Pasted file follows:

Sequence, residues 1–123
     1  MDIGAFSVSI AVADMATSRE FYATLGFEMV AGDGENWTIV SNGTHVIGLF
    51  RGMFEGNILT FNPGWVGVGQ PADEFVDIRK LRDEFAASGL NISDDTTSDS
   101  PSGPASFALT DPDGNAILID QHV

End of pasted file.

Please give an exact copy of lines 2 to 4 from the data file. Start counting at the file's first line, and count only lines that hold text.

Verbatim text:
     1  MDIGAFSVSI AVADMATSRE FYATLGFEMV AGDGENWTIV SNGTHVIGLF
    51  RGMFEGNILT FNPGWVGVGQ PADEFVDIRK LRDEFAASGL NISDDTTSDS
   101  PSGPASFALT DPDGNAILID QHV